One hour before roasting: Remove the turkey from the refrigerator and let stand at room temperature. Fifteen to 20 minutes before roasting, position a rack in the lowest part of the oven and heat the oven to 400 degrees. Put half the onions, carrots and celery in the turkey cavity. Tuck the wings behind the neck and under the turkeyand place bird in the large flameproof heavy-duty roasting pan. Scatter the remaining onions, carrots and celery around the turkey.
Roast for 30 minutes. Pour 1 cup of the water into the roasting pan and roast for another 30 minutes. Add the remaining 1/2 cup water to the roasting pan and continue to roast until an instant-read thermometer inserted into the thickest part of the thigh, away from the bone, registers 170 degrees and the juices run clear when you remove the thermometer, about another hour for a 12-pounder. (Keep a close eye on the vegetables and pan drippings throughout the cooking process. They should be kept dry enough to brown and produce the rich brown drippings to make gravy, but moist enough to keep from burning. So add water as needed throughout.)
Transfer the turkey to a carving board or platter, tent with aluminum foil, and let rest for at least 45 minutes and up to 1 hour before carving and serving.
For the gravy: Set the roasting pan with the turkey drippings and vegetables over two burners set on medium-high heat. Add 1 cup broth; cook, stirring with a wooden spoon or spatula to loosen the browned bits in the pan, until the liquid comes to a simmer. Strain the contents of the roasting pan through a large sieve into a large saucepan. Add the remaining 2 cups broth and the thyme and bring to a boil; reduce the heat and let simmer to blend the flavors, about 5 minutes.
Meanwhile, put heavy cream in a small bowl and whisk in the flour to make a smooth paste. Gradually whisk the cream mixture into the turkey broth mixture. Bring to a boil over medium-high heat, reduce the heat to low, and gently simmer to thicken the gravy and cook off the raw flour flavor, about 10 minutes. Keep hot over very low heat until ready to serve.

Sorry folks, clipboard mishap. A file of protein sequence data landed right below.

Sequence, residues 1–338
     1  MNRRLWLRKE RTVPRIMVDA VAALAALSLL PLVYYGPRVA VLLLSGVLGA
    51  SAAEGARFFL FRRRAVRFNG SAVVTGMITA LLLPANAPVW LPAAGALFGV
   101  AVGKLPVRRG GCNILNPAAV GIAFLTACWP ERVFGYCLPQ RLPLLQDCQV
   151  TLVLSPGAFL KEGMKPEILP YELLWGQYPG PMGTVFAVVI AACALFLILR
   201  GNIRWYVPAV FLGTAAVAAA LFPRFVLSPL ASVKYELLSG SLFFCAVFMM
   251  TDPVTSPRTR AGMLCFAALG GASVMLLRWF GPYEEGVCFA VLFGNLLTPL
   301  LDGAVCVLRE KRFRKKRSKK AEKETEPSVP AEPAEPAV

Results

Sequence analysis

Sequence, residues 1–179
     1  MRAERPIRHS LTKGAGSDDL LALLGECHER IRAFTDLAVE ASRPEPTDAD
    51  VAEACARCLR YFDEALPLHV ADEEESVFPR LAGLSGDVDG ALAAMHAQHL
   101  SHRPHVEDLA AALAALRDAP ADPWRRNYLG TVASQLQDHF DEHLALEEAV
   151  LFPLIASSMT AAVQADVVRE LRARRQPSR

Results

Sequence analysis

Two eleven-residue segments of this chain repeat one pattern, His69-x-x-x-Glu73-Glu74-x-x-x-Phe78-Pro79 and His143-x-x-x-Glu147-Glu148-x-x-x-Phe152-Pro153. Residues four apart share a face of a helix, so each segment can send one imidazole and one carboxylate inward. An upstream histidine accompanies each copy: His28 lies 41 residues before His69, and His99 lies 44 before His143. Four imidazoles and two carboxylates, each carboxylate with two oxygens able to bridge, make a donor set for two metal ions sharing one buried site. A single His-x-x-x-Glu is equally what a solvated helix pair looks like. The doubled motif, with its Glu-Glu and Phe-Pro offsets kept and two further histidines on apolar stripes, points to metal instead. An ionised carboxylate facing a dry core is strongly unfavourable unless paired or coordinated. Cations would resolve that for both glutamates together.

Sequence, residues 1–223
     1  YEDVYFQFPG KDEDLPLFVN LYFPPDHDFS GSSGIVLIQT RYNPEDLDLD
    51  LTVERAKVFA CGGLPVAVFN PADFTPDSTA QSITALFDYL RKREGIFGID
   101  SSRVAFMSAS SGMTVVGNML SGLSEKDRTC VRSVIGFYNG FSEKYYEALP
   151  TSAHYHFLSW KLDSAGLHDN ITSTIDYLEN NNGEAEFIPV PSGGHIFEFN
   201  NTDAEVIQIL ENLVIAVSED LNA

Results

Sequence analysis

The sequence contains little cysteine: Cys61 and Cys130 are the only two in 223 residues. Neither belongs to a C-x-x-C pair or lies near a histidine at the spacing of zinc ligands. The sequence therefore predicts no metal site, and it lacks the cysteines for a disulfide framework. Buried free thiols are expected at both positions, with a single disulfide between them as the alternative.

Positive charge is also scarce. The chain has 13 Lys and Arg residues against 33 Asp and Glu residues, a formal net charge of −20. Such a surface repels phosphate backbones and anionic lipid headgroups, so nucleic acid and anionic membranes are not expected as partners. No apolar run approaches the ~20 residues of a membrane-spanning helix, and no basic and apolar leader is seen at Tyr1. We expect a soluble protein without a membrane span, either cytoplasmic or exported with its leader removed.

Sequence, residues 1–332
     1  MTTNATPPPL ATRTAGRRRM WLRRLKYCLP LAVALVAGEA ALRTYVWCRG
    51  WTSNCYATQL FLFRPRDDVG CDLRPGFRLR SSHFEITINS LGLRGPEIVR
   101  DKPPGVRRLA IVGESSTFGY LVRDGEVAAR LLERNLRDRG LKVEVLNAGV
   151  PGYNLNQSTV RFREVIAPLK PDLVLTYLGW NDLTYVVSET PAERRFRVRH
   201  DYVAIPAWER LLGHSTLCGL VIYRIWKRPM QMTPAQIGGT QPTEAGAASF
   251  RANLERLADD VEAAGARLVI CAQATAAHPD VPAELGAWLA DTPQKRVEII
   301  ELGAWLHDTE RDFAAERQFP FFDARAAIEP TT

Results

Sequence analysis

Per serving: 426 calories (28 percent from fat), 13 grams total fat (5 grams saturated), 211 milligrams cholesterol, 6 grams carbohydrates, 70 grams protein, 707 milligrams sodium, 1 gram dietary fiber.
Source: How to Cook a Turkey (Tauton) from the editors and contributors of Fine Cooking magazine
Cranberry and Dried-Cherry Relish (2005)
Sure beats the stuff that wiggles out of a can. Easy recipes were part of our stress-free Yoga Thanksgiving.
Makes 3 cups
1 (12-ounce) package fresh or frozen cranberries (no need to thaw if frozen)
1 cup dried cherries
1 cup sugar
2 cups water
In a large saucepan, combine cranberries, cherries, sugar and water. Bring to a boil; reduce heat to medium-low. Simmer until most berries have burst and liquid is syrupy, 20 to 25 minutes. Transfer to serving dish, and let cool. Cover, pressing plastic wrap directly on surface of relish; refrigerate.
Per (1/4-cup) serving: 120 calories (2 percent from fat), 1 gram total fat (trace saturated fat), no cholesterol, 32 grams carbohydrates, 1 gram protein, 4 milligrams sodium, 1 gram dietary fiber
Source: Everyday Food, a Martha Stewart magazine, November 2003
Golden Buttermilk Mashed Potatoes (2004)
Good old-fashioned mashed potatoes get a hint of sweet potato goodness with the tang of buttermilk which made sense for our Heritage Thanksgiving issue.
Makes 8 to 10 servings
5 pounds baking potatoes, peeled and quartered
2 large sweet potatoes, peeled and quartered
2 garlic cloves, sliced
1 1/2 cups buttermilk
1 teaspoon salt
1/2 teaspoon freshly ground pepper
1 tablespoon minced chives or scallions
Place the baking potatoes, sweet potatoes and garlic in a large saucepan and add enough water to cover by 1 inch. Bring to a boil, reduce the heat, cover and cook 15 to 20 minutes, or until tender. Reserve 1/4 cup cooking water and drain the potatoes and garlic well in the colander.
Transfer to a large bowl and mash with a potato masher or large spoon. With an electric mixer on medium speed, gradually beat in the buttermilk until the potatoes are smooth and fluffy, beating in the reserved cooking water if necessary. Beat in the salt and pepper.
Reheat the potatoes if necessary, turn into a serving dish, and sprinkle chives or scallions on top.
Per serving, based on 8: 278 calories (2 percent from fat), 1 gram total fat (trace saturated fat), 2 milligrams cholesterol, 61 grams carbohydrates, 8 grams protein, 336 milligrams sodium, 6 grams dietary fiber.
Source: 50 Best Mashed Potatoes by Rick Rodgers
Roasted Sweet Potato Spears With Bacon Vinaigrette (2007)
If sweet potatoes with marshmallows are too sweet, this recipe, which originally appeared in our Wired Thanksgiving issue, is a welcome change of pace.
Makes 8 to 10 servings
4 pounds medium sweet potatoes (about 7)
1/2 pound sliced bacon, cut crosswise into 1/2-inch-wide strips
1 teaspoon salt, divided
1/2 teaspoon pepper, divided
1/4 cup extra-virgin olive oil
3 scallions, thinly sliced, reserving sliced greens separately
2 tablespoons sherry vinegar
1 tablespoon water